Torta Frita

Torta Frita
©Karen McCann

You may find your ham and other salumi served with small, hot squares of fried dough known as torta frita. Originally dusted with sugar and served as a dessert (hence the name, which means “fried cake”) these eventually lost the sugar and gained a pinch more salt to become a staple on family dinner tables and restaurant menus. The region’s most classic aperitif (a drink taken to alert the stomach before a meal) involves a glass of Lambrusco, a plate of torta frita, and salumi. Buon appetite.

Tortelli di Erbetta

Tortelli di Erbetta
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Every grandmother in Parma can produce, at a moment’s notice, mouthwatering fresh pastas such as tortelli, anolini, and tagliatelle. They say it’s in their DNA, and who are we to question that wisdom? One of the most popular pastas in the region is tortelli di erbetta, a kind of small ravioli filled with ricotta cheese and herbs, topped with burro (butter) and Parmigiano-Reggiano cheese. It has been famous since Renaissance times, and after one bite you’ll know why.

Cappelletti

Cappelletti
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In Medieval Parma, this little round pasta filled meat and cheese was a luxury only wealthy families could afford. The name means “little hats” and refers to the round, pointed headgear worn by Spanish soldiers when they invaded Italy in the 17 th century.  Today cappelletti pasta is a popular favorite, especially during winter, when it’s served in a rich meat broth at large family gatherings and holiday celebrations.

Malvasia

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The Venetians found the Malvasia grape on the Greek Islands in the 13th century and brought it back to mainland Europe, where it found its way to northern Italy and was transformed into “the queen of Parma wines.”  A vivacious, delicately sparkling white wine, Malvasia is lovely with antipasto or the main meal; its sweeter version is often paired with light, fruity desserts. And because it’s low in alcohol (10.5%), it’s a favorite for leisurely outdoor luncheons on warm, lazy days.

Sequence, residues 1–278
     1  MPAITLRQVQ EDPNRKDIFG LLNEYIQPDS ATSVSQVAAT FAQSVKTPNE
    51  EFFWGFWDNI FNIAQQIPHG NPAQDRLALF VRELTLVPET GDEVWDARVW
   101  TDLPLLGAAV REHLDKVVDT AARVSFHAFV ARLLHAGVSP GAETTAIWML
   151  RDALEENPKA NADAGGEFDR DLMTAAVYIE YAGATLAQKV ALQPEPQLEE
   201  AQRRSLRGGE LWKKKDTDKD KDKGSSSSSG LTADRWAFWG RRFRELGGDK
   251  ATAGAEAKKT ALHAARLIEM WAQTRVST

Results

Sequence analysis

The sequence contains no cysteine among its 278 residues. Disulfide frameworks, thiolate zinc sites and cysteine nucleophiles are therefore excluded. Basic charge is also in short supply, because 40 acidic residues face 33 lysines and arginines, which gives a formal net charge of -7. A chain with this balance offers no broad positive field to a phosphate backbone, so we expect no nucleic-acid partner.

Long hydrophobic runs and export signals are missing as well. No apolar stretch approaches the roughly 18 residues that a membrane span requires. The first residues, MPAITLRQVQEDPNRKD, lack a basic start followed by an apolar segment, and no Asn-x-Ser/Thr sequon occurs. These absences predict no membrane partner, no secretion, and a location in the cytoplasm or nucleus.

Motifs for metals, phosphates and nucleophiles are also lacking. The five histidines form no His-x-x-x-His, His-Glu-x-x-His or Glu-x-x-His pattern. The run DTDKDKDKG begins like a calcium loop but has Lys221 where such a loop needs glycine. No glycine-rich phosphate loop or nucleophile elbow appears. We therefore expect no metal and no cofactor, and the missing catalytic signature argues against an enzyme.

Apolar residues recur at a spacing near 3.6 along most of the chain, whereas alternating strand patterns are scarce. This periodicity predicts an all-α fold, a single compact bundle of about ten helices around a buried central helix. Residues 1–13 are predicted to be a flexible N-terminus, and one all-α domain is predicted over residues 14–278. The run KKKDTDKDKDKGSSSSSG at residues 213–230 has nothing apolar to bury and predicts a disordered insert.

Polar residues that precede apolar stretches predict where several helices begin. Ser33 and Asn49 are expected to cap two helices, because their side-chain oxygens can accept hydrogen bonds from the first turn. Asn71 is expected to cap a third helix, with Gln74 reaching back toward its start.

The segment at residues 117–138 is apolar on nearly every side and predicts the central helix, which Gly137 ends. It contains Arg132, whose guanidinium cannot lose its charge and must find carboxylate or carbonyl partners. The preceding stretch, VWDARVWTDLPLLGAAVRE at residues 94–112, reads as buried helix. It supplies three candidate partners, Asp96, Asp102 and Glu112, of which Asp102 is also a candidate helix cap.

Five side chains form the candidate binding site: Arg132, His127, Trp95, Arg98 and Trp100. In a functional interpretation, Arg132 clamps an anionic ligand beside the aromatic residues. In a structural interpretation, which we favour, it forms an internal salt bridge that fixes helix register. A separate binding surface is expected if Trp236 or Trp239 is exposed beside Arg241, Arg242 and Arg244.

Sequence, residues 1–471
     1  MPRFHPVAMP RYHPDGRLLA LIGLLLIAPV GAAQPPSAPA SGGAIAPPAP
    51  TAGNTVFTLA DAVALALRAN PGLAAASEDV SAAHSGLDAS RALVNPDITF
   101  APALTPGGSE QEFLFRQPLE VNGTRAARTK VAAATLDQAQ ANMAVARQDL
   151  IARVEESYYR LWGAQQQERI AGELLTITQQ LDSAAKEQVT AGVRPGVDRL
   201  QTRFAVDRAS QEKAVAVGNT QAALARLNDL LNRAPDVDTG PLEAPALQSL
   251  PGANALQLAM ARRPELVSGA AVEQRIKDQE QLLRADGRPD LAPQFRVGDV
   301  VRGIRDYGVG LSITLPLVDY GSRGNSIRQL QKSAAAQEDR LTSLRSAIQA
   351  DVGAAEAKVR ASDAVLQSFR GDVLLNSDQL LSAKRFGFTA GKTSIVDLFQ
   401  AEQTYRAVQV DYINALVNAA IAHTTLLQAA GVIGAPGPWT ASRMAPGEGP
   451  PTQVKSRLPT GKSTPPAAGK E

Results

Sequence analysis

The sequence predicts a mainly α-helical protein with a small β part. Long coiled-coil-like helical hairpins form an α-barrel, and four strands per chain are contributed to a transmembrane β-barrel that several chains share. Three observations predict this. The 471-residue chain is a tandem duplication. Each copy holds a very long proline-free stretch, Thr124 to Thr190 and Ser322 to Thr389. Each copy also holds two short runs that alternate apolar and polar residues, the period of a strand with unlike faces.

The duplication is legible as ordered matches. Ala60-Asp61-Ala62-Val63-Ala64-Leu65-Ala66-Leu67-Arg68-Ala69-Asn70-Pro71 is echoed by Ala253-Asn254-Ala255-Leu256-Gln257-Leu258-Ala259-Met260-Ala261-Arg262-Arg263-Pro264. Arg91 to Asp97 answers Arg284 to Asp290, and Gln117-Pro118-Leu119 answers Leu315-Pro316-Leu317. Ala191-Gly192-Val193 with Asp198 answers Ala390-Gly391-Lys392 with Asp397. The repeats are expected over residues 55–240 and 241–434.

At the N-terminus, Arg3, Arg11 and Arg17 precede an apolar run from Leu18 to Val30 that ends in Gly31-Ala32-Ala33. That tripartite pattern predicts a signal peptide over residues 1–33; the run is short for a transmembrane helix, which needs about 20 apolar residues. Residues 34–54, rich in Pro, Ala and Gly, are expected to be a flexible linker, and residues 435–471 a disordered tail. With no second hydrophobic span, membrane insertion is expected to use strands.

Scarpette de San’Ilario

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Legend says that back in the fourth century, Saint Ilario was returning to France after exile in what’s now Turkey when he stopped briefly in Parma. The long walk had left his shoes in tatters, and a kindly cobbler gave him new ones. In the morning the cobbler discovered the old shoes left behind by the saint had turned to gold. Today, Saint Ilario is Parma’s patron saint and his January 15 feast day is celebrated with decorated sugar cookies in the shape of scarpette (shoes), which you’ll find in every bakery.

Gelato

Gelato
©Karen McCann

No visit to Parma would be complete without a taste of gelato. Invented by an Italian chef in the late 17th century, gelato is churned at a slower rate, incorporating less air, so the texture is denser and the flavor richer than other forms of ice cream. Parma is blessed with many excellent artisan gelato shops, but locals identify two as particular standouts: La Romana and La Gelateria. The shops are located around the same traffic circle, so if you can’t make up your mind which to try, taste samples at both until you find your favorite flavor.